Perineuronal nets (PNNs), a specialized form of extracellular matrix, are abnormal in the brains of people with Rett syndrome (RTT). We previously reported that PNNs function to restrict synaptic plasticity in hippocampal area CA2, which is unusually resistant to long-term potentiation (LTP) and has been linked to social learning in mice. Here we report that PNNs appear elevated in area CA2 of the hippocampus of an individual with RTT and that PNNs develop precociously and remain elevated in area CA2 of a mouse model of RTT (Mecp2-null). Further, we provide evidence that LTP could be induced at CA2 synapses prior to PNN maturation (postnatal day 8–11) in wild-type mice and that this window of plasticity was prematurely restricted at CA2 synapses in Mecp2-null mice. Degrading PNNs in Mecp2-null hippocampus was sufficient to rescue the premature disruption of CA2 plasticity. We identified several molecular targets that were altered in the developing Mecp2-null hippocampus that may explain aberrant PNNs and CA2 plasticity, and we discovered that CA2 PNNs are negatively regulated by neuronal activity. Collectively, our findings demonstrate that CA2 PNN development is regulated by Mecp2 and identify a window of hippocampal plasticity that is disrupted in a mouse model of RTT.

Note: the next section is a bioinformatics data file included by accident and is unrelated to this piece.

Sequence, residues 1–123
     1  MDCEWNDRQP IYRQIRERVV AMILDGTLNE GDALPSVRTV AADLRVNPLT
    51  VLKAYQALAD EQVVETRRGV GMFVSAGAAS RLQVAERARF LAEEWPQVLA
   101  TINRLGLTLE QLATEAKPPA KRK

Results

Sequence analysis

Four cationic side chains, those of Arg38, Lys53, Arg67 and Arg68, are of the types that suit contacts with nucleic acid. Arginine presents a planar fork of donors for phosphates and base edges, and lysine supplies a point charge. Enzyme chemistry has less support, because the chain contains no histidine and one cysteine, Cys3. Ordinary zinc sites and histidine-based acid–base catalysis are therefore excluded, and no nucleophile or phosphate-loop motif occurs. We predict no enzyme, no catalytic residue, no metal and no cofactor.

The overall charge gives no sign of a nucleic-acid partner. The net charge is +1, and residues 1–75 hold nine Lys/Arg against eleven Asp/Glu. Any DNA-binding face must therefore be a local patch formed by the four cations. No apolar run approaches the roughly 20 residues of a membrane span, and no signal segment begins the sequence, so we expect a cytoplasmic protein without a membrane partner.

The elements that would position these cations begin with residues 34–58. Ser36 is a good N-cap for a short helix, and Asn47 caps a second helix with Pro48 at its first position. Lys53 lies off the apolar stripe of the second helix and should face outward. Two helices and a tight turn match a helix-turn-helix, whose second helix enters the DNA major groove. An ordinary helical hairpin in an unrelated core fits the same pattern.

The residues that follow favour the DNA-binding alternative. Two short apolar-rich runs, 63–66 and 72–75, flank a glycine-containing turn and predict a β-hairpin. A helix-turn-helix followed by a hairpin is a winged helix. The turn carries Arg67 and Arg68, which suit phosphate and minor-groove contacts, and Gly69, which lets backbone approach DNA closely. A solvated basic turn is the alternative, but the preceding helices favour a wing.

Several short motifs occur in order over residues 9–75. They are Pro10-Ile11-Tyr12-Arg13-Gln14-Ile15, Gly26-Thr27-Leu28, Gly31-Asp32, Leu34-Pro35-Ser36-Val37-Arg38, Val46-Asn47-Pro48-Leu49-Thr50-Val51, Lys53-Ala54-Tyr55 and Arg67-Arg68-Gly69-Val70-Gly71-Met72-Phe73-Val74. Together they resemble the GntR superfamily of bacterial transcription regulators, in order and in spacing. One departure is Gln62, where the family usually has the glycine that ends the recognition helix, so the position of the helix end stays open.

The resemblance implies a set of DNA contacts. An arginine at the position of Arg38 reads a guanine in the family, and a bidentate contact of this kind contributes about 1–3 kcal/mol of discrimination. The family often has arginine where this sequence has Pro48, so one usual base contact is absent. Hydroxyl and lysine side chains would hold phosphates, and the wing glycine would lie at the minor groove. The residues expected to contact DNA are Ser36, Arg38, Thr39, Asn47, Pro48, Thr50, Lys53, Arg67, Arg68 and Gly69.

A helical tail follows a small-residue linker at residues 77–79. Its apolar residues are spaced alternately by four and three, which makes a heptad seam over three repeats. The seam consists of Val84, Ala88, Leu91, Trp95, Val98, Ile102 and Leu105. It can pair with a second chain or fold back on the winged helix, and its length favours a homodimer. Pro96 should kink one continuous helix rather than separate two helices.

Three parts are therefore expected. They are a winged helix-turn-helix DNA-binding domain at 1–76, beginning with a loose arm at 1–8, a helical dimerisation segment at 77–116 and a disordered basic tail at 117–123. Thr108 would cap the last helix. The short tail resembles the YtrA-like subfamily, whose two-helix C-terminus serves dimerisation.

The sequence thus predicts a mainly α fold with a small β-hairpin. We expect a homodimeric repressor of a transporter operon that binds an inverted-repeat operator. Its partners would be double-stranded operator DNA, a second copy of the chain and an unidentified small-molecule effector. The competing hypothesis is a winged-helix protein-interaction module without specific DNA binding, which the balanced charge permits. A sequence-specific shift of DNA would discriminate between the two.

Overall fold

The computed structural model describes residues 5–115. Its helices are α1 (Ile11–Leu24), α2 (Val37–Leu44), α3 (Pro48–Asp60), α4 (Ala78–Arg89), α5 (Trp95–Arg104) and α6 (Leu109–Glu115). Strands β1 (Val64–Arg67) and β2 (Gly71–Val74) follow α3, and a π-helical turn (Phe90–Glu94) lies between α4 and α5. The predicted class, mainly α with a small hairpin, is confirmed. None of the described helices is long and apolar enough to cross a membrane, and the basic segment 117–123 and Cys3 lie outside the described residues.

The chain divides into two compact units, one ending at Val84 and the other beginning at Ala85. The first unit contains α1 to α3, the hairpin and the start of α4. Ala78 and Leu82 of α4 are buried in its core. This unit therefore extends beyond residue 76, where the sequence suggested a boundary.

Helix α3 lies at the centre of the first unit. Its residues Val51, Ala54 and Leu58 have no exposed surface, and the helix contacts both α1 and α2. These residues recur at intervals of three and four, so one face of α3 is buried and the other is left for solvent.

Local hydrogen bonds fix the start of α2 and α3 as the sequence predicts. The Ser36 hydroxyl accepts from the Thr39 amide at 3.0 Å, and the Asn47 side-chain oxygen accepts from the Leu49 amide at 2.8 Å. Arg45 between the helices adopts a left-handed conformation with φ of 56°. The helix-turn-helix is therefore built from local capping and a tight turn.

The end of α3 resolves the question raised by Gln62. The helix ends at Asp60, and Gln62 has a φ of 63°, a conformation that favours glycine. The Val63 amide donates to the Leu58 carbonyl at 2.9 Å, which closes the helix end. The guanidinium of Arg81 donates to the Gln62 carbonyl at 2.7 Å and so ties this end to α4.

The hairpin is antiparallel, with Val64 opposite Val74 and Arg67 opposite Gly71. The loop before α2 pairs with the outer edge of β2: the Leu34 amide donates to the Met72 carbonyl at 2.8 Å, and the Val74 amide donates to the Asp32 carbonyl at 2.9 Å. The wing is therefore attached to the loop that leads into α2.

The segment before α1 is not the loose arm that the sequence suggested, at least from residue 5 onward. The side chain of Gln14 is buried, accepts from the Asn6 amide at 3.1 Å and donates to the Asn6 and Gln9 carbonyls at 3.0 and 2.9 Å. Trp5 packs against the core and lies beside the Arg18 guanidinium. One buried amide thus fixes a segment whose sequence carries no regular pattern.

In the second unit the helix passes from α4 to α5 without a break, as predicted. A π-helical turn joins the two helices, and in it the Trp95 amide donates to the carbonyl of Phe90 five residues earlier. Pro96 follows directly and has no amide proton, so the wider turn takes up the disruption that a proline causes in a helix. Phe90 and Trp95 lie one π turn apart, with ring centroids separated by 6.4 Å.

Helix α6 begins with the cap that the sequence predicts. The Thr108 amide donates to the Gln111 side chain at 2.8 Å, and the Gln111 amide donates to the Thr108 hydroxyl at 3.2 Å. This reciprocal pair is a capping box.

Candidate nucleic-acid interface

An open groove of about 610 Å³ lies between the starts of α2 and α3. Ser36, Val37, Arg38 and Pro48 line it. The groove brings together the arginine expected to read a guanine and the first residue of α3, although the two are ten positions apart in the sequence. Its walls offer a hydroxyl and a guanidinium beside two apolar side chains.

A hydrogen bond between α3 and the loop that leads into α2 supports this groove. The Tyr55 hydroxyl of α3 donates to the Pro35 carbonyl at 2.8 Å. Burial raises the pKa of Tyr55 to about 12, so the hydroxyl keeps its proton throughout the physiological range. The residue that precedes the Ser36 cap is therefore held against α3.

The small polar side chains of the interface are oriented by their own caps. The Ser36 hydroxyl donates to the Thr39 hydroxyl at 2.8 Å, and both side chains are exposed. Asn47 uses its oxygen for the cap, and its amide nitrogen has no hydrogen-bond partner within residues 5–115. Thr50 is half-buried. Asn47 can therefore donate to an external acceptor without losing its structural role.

Kelly E. Carstens, Daniel J. Lustberg, Emma K. Shaughnessy, Katharine E. McCann, Georgia M. Alexander, Serena M. Dudek
PNNs are increased in human RTT CA2 and develop prematurely in CA2 of a mouse model of RTT.